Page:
The true meeting is never really of persons. That spiritual activity which makes up man in the image and likeness of God is forever present with its cause, with divine intelligence. In other words, Mind and its idea are always together. This is the eternal meeting. As Mrs. Eddy says on page 131 of "The First Church of Christ, Scientist, and Miscellany," "Where God is we can meet, and and where God is we can never part." By looking wholly to Principle manifest, one finds himself in unity with all that really is, since whatever is not of Principle is nothing. The only being together, therefore, consists in the infinite oneness of the divine Mind in all the variety of its manifestation. To know this is a constant inspiration.

At a time of political conventions, for instance, it is well for each participant, indeed for each citizen or onlooker even, to rejoice that he is dealing wholly with intelligence expressed, no matter what may seem to be. In the midst of the crowd, the one who is sure that Principle alone is governing has plenty to do. Any seeming mortal turmoil is an amusing illusion. All the while that it is supposed to be so intense, the one divine consciousness righteously active is the reality. Infinite Mind is all that has power to act. So whatever action may be apparent must be taken as an opportunity for seeing what God truly does know. Certainly the divine Love which is Principle produces only continuous unfoldment, with least element of destruction. For the spiritual democracy, which is the reliance of all together on Principle the whole of experience must be found as happy activity in infinite Mind, apart from any supposition of matter.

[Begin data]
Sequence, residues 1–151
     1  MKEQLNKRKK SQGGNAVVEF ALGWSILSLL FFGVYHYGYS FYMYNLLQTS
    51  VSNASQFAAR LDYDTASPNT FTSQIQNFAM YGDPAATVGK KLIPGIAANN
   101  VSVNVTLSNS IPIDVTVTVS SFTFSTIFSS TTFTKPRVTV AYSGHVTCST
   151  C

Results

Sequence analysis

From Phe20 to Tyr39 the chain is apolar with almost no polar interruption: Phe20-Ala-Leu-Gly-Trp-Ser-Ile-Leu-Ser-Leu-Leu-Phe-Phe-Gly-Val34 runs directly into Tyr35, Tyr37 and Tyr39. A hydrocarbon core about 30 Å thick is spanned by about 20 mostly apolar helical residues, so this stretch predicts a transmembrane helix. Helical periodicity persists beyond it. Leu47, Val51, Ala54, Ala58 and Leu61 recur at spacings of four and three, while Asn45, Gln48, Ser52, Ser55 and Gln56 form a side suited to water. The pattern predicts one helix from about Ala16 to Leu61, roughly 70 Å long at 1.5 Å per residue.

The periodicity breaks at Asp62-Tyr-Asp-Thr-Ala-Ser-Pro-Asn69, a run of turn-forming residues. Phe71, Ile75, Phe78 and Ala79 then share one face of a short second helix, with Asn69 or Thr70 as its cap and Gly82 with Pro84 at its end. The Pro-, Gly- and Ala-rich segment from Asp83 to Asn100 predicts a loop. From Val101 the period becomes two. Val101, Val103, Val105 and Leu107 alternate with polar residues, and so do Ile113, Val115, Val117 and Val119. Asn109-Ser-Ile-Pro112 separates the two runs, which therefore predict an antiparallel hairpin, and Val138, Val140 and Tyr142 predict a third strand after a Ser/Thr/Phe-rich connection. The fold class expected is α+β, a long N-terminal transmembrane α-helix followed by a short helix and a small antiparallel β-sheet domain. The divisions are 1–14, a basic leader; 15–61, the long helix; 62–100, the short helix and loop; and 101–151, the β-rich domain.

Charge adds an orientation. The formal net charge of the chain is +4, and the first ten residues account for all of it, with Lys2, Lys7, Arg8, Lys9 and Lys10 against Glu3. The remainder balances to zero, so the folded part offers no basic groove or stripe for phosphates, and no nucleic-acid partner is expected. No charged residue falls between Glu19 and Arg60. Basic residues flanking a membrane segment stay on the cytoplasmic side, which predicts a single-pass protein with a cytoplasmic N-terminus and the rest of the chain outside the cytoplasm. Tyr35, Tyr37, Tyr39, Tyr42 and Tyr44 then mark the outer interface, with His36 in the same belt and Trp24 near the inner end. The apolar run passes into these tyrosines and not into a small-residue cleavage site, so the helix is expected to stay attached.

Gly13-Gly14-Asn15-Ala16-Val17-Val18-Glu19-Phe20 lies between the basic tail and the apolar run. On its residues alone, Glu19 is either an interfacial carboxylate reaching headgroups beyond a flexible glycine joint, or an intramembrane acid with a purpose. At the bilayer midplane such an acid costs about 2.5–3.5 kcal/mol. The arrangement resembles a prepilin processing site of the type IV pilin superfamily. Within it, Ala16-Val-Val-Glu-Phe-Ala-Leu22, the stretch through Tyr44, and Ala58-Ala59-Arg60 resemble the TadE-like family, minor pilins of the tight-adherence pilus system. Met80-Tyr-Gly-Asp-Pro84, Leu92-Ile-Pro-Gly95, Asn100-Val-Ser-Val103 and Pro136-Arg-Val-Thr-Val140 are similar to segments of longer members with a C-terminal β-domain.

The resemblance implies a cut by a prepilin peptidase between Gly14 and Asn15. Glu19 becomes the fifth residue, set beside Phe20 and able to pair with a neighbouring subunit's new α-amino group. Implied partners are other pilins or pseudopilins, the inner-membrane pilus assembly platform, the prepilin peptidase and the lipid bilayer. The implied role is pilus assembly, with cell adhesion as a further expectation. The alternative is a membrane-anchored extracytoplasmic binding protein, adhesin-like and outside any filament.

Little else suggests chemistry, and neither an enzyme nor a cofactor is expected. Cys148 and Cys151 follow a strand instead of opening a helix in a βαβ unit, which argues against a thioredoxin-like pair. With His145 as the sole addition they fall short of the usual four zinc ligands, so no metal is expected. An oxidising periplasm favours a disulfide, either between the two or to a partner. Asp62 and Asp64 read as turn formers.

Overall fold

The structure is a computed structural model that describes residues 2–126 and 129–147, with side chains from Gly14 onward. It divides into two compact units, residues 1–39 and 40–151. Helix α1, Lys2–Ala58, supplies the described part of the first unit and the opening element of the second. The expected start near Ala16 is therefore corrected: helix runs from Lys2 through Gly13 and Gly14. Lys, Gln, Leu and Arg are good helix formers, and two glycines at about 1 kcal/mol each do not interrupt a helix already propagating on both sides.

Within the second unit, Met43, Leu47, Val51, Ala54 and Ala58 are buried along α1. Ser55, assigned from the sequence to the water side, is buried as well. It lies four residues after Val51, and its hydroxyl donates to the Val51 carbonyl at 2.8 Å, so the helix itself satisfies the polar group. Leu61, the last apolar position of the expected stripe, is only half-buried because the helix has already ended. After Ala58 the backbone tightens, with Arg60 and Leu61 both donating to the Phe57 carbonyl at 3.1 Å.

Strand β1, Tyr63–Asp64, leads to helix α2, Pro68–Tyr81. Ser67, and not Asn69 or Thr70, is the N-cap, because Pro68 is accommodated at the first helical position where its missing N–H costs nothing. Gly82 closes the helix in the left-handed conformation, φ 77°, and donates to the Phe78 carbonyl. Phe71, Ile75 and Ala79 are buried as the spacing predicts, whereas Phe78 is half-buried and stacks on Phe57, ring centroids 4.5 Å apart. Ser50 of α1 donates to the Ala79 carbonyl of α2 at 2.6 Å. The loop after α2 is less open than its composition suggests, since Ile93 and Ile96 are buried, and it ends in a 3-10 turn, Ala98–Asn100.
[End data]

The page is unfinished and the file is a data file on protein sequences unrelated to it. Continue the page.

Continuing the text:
When a crowd is thought of as a mass of physical bodies each with a small mind that is more or less out of harmony with every other small mind, there may indeed seem small prospect that it will prove to have any effective unity of purpose. That is why so many political conventions have seemed excited in their attempt at nominations and compromises. The very belief in matter as animated is the error in premise that leads to error in every conclusion. Why should a crowd be supposed capable of doing hysterically, in many instances, what no individual reasoning alone and soberly would think of doing? Such a belief is the delusion that there may be an accumulation of nothingness with a constant accretion of force. Nothing, however, can never be more than nothing. The fact is that divine intelligence is the only really animating power. What infinite Mind animates is always idea, never matter. Knowing this, one is calm and sure of Principle in the midst of any seeming.

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Among the Churches
June 12, 1920

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